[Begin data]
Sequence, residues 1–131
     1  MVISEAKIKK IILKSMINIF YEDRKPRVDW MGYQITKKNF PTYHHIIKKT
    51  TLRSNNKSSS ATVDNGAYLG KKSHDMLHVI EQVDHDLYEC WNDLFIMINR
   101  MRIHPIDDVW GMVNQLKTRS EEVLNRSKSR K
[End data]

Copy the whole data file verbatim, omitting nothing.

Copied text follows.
Sequence, residues 1–131
     1  MVISEAKIKK IILKSMINIF YEDRKPRVDW MGYQITKKNF PTYHHIIKKT
    51  TLRSNNKSSS ATVDNGAYLG KKSHDMLHVI EQVDHDLYEC WNDLFIMINR
   101  MRIHPIDDVW GMVNQLKTRS EEVLNRSKSR K